Sports

TikTok Tawa: How a Stanford baseball player has gone viral amid COVID-19

By Dave Peck
Medill Reports

If you asked Stanford’s Tim Tawa, he’d tell you the key to TikTok is combining what you know with what you see. Since March, Tawa has been home getting swings in alongside lifelong friend and former teammate Will Matthiessen, who also played for the Cardinal before being drafted by the Pittsburgh Pirates in 2019.

With a return to baseball uncertain for both, the two Oregon natives have transformed their routine batting practice into a viral video series.

Photo at top: Tim Tawa stands on the diamond. (Bob Drebin/ISI Photos)

A look at the NFL’s virtual offseason

By Evan Brooks
Medill Reports

While COVID-19 continues to affect the sports world, the NFL is moving forward with a virtual offseason. The organization is giving teams a chance to meet and get ready for the season online.

Photo at top: New England Patriots #51 Ja’Whaun Bentley celebrates on the field. (Eric Adler/Patriots)

For North Texas, 2019-20 basketball will forever be a lost season

Joshua Skinner
Medill Reports

They were arguably the best basketball team in North Texas history. After starting the season 2-5, the Mean Green stormed to a 14-4 conference record and the No. 1 overall seed in the Conference USA tournament.

At the very least, they were guaranteed a spot in the NIT. At best, they’d clinch the school’s first NCAA Tournament bid in a decade.

Then, within hours, everything they had fought for collapsed under the crushing suddenness of COVID-19.

North Texas Broadcasters Hank Dickenson and Zac Babb relive a special season destroyed by forces beyond their control.

Photo Above: Inside a vacant UNT Coliseum, more commonly known as the “Super Pit.” (Zac Babb/MGRN Radio Network)

Running with the Windy City Bulls

By Yousef Nasser
Medill Reports

The NBA G League provides opportunities for basketball players to realize their dreams of making it to the NBA. In this episode of Medill Newsmakers, Yousef Nasser gives viewers an inside look at life in the NBA G League through the lens of the Chicago Bulls’ G League team, the Windy City Bulls.

Windy City Bulls guard Milton Doyle warms up before an NBA G League game against the Grand Rapids Drive.(Yousef Nasser/MEDILL)

The NFL’s first all-remote draft made for a lot of entertainment

By Clara Facchetti
Medill Reports

A robe. A cellphone. A dog. Parents, kids and a large Arizona home. These are just a few of the funniest things that took place during the NFL’s record-breaking all-remote draft last week.

Live from his basement in Bronxville, New York, Commissioner Roger Goodell launched the NFL’s first ever all-remote draft, due to the ongoing COVID-19 pandemic, on Thursday night. The 2020 draft became the most-watched in the NFL’s history, with over 55 million viewers in total, including 15 million for the first round, a 37% increase over last year, ESPN reported.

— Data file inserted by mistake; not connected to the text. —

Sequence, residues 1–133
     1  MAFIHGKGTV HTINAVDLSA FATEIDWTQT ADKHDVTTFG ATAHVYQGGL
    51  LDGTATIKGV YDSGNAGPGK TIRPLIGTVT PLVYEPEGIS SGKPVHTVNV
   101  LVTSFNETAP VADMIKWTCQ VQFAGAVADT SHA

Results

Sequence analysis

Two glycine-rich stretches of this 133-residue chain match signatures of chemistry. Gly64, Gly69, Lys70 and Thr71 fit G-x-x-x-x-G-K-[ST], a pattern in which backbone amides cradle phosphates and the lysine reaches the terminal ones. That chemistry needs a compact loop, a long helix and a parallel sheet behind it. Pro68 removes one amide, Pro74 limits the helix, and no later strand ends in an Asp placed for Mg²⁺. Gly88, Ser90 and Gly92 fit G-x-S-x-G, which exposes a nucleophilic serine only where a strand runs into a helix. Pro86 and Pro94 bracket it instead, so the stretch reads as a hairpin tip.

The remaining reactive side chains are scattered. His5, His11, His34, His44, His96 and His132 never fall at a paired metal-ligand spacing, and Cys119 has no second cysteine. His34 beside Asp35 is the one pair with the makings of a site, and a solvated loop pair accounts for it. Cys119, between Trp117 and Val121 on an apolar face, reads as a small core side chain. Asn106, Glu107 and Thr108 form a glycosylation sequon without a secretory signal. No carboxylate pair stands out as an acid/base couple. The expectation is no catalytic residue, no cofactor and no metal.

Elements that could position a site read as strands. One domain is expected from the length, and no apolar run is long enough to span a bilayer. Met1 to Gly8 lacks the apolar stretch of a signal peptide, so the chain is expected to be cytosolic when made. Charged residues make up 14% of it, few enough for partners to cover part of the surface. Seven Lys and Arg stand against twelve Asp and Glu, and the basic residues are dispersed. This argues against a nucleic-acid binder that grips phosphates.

“To see the reactions I got from people I didn’t know, people I did know, family — it definitely struck a chord with people,” Goodell told the Washington Post in a phone interview.

The unusual setting gave NFL fans a view into their favorite coaches’ and prospects’ homes, which inevitably led to some very entertaining moments. Here are some of the funniest moments from the 2020 NFL draft:

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‘Run as long as you can until you can’t’: The motivation behind ultrarunning

By Caroline Kurdej
Medill Reports

Ultrarunner Andrea Kooiman was never a superstar cross-country runner in high school. “I really only joined because there was a dude on the team I liked,” she said with a giggle.

Yet since her high school days, Kooiman has competed in 150+ ultramarathons and marathons. Now, at 44, she’s crossed the Boston Marathon finish line. She also ran just a bit farther and finished the 2018 Vol State 500K (310.68 miles) in 110 hours, 40 minutes and 59 seconds.

Kooiman co-founded We Run Orange County’s Kids, a nonprofit that enrolls 12- to 18-year-olds in a seven-month, $750 training program to run the Orange County Marathon.

Kooiman fits her runs in whenever she can, often when her family is fast asleep at 4 a.m. She bolts out of the house, fully equipped with a head lamp to light the way on the trail in the frigid darkness. If not, she squeezes runs in before her full-time job as a sports marketer at Road Runner Sports, her 12-year-old daughter’s dance classes or when the others are at work.

“On the flip side, I’ll put the family to bed, and do something from midnight until sunrise,” Kooiman said. She then takes her daughter to school, steals a nap and heads off to coach for the youth program.